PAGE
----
Resetting Expectations, Bear Market Unlikely

By Doug Sandler, Chris Konstantinos & Rod Smyth, RiverFront Investment Group

We think it is likely that the US economic growth rate is peaking, but we also think it is highly unlikely that a recession is coming. We therefore expect this correction in stock prices to end over the next month or so, and we believe that most of the price declines have been seen.

2018 will be remembered as a banner year for economic and earnings growth and yet as of the end of October, US stocks, as measured by the S&P 500, are flat following a strong year in 2017. We think the reason for this is a combination of factors. First and most important in our view has been a change in investor expectations regarding the ultimate destination of interest rates. For several years now, the Federal Reserve has projected that short-term interest rates would eventually rise to around 3%. Key here is the word “eventually” for, like the boy crying “wolf”, in practice the Yellen Fed came nowhere close to allowing investors to doubt their intentions.

Following corporate tax cuts, record low unemployment and economic growth above the Fed’s long-term sustainable rate, investors have come to believe a 3% short-term rate is possible in 2019 and Chairman Powell and his colleagues have been encouraging investors to believe it. As a result, the more interest rate sensitive sectors of the economy (such as housing and autos) have seen a sudden slowing in demand and their share prices are already near bear market territory.

The second headwind for stocks this year has been the growing uncertainty over trade between the US and its global trading partners. While a deal seems to have been made between the US and South Korea as well as with Canada and Mexico, there is a looming negotiation between the US and Europe, and the China/US talks are at a standstill. Nothing hurts business like uncertainty. Confident businesses invest in people, equipment and technology, but the CEO of a global business today faces considerable uncertainty, and this is being reflected in the forward-looking statements by CEOs. That the US stock market’s correction is occurring during a strong earnings season says that investors were expecting good earnings but are concerned about the uncertainty expressed in companies’ forward guidance.

In today’s economy, semiconductors are the cyclical “widget” of commerce. The Philadelphia Semiconductor index bottomed in January 2016 and rose approximately three-fold to its recent peak in June of this year from which it has fallen about 20%, most of it in October. This suggests that the tariff war is hurting global business, as evidenced by weak earnings reports by some semiconductor bellwethers recently. Once again, we do not expect tariffs to bring down this global economic cycle, but we do think they have played a role in the current correction in markets.

Three very different pictures for three different regions: Looking at global stock markets and dividing them into US, Developed International and Emerging shows just how different their journeys have been over the last 10 years. The US bull market since 2009 has been remarkable.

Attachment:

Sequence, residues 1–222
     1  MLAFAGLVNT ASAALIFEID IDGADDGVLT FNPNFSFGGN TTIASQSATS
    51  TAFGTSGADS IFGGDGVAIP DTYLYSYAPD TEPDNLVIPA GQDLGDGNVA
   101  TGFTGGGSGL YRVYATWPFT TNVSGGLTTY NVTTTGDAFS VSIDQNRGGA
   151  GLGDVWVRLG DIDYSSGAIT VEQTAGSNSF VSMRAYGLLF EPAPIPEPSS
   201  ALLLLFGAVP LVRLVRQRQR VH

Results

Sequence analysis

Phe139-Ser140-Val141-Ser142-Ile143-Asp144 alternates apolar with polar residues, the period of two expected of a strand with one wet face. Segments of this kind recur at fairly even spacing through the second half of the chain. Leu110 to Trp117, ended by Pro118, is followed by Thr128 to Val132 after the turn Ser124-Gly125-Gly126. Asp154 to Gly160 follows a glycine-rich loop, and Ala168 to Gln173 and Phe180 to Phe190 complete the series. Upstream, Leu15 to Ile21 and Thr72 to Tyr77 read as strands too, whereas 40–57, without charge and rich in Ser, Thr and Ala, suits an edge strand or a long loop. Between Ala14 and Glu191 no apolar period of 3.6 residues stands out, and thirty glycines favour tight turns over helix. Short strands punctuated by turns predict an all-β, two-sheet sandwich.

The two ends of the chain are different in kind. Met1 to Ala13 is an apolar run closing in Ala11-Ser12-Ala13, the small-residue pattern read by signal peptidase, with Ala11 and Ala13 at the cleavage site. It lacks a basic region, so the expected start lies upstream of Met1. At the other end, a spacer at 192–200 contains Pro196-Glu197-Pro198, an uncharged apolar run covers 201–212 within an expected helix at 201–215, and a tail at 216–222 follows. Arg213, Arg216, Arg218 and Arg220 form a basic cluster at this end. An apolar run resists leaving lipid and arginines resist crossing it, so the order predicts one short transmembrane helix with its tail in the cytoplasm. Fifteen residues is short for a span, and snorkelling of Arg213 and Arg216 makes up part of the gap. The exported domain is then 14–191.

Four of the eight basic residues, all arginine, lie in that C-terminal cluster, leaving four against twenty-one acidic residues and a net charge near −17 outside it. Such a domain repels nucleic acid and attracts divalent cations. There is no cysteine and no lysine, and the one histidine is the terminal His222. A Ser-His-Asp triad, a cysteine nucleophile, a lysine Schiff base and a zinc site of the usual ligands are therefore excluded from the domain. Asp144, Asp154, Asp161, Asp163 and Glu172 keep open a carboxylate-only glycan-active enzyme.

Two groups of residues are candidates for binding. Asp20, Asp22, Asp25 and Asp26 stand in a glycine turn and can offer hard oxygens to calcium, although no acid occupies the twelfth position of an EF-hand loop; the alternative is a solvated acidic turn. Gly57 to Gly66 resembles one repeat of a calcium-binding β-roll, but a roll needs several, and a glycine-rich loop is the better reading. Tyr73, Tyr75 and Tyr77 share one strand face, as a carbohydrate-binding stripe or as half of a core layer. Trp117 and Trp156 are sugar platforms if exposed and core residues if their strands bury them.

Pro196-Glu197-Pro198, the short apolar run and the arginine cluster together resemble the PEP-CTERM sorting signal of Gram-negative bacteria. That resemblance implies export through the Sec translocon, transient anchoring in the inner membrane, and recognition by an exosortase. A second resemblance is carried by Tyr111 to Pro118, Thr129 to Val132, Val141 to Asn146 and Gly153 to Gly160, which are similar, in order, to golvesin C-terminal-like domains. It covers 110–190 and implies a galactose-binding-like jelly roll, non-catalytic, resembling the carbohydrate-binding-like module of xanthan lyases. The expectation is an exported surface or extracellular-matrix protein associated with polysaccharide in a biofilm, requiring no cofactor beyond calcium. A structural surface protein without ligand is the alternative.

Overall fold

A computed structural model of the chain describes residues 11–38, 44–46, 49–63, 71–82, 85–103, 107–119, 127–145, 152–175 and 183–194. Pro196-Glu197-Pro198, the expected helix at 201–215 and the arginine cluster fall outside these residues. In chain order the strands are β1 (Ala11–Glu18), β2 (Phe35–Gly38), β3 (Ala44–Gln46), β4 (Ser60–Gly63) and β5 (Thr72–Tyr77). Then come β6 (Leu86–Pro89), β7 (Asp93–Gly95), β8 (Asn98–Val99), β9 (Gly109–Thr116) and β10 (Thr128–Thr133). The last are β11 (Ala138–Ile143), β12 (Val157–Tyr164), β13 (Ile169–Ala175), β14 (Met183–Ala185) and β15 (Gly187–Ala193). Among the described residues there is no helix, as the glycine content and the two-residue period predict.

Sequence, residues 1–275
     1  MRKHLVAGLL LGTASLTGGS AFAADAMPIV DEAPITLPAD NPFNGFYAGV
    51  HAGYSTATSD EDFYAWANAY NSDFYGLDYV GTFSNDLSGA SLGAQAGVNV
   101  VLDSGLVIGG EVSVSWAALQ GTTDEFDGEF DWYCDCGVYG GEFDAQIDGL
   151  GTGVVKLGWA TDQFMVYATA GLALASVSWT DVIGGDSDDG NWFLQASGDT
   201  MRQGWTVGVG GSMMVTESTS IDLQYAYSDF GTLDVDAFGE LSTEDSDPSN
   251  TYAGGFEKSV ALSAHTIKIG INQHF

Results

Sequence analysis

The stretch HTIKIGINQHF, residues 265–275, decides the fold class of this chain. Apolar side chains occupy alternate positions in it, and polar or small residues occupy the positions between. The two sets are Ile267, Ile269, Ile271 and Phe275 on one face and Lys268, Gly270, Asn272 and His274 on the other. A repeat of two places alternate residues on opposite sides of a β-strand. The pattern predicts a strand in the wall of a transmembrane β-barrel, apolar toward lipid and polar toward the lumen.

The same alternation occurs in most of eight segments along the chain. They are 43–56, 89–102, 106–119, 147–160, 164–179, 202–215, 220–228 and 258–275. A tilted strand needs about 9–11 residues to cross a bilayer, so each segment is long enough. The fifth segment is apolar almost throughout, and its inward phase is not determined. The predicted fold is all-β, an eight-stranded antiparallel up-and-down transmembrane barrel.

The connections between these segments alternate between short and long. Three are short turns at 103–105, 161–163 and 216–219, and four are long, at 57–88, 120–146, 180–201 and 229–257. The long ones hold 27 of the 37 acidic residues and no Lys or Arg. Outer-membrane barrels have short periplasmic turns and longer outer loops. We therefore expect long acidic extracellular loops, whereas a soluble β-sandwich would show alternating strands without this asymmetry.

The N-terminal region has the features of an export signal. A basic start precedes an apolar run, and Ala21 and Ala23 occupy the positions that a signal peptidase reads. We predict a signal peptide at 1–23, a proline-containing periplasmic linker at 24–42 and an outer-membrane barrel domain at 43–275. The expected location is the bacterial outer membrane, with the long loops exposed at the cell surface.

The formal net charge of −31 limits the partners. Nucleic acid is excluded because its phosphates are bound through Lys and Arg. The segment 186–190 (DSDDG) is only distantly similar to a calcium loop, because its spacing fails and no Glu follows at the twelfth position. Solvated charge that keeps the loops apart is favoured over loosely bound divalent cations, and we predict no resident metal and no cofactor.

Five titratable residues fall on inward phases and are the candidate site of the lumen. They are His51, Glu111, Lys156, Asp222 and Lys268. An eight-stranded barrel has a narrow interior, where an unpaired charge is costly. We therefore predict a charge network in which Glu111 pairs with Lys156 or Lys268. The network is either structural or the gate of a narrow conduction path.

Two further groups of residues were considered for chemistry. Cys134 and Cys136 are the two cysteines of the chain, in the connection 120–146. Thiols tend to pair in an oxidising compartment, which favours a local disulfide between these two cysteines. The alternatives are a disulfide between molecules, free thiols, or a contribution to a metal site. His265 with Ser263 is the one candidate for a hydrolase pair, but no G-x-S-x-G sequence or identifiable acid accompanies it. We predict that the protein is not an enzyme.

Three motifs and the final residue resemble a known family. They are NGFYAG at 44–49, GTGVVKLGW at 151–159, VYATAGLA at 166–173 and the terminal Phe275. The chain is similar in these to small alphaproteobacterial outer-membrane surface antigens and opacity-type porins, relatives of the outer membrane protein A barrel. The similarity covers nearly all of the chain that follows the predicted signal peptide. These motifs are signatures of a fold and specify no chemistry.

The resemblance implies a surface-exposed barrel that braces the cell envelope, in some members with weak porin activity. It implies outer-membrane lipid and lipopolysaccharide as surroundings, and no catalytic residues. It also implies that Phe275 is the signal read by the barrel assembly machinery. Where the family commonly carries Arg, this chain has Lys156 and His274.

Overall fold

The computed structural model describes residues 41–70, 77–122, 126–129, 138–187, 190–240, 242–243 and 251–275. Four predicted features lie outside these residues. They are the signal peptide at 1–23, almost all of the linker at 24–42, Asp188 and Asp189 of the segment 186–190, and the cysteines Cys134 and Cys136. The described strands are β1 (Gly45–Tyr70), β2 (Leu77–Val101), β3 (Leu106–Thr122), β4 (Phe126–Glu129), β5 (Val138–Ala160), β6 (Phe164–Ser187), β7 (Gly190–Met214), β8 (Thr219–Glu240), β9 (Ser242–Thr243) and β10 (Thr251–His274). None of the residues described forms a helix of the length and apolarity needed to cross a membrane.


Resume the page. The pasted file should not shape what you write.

SP500 Composite

Past performance is no guarantee of future results. You cannot invest directly in an index. Not indicative of RiverFront performance.

Rocket ship: Ten years ago, few would have foreseen that one of the best decades for US stocks was about to begin. From a technical perspective, the S&P 500 is still in a strong pattern with its primary trend (the one-year moving average) still rising. Perhaps the biggest risk is its own success which has taken investors from skeptics in the early days to believers today. We think there is a reasonable chance the lows were seen last week. If we are wrong and the market has further weakness ahead of it, then the blue up-trend line at around 2500 should provide a level for the market to form a base.

Steady eddy: Compared to the US, the bull market in Developed International stocks (EAFE) has been much more pedestrian and much more cyclical. That said, unlike the US the current correction has been underway since January. The primary trend (red line) has rolled over, but the index is well below it and is now close to its rising support line (blue line). We are optimistic about the returns from these markets over the next few years.

Past performance is no guarantee of future results. You cannot invest directly in an index. Not indicative of RiverFront performance.

Volatile:  Emerging Markets (EM) were the fastest to bounce back in 2009/2010 as China aggressively stimulated demand in response to the great recession. Then as commodities prices collapsed in 2015, led by oil, Emerging Markets suffered a bear market, returning to 2009 levels. Despite a run to new highs early this year, rising US interest rates have led to falling EM share prices and currencies. Add in the uncertainty surrounding tariffs and EM markets are back to 2010 levels. We expect EM currencies and stocks to find support close to current levels and build a base for better times ahead.

Doug Sandler, CFA, is Global Strategist; Chris Konstantinos, CFA, is Chief Investment Strategist; and Rod Smyth is Director of Investments at RiverFront Investment Group, a participant in the ETF Strategist Channel.

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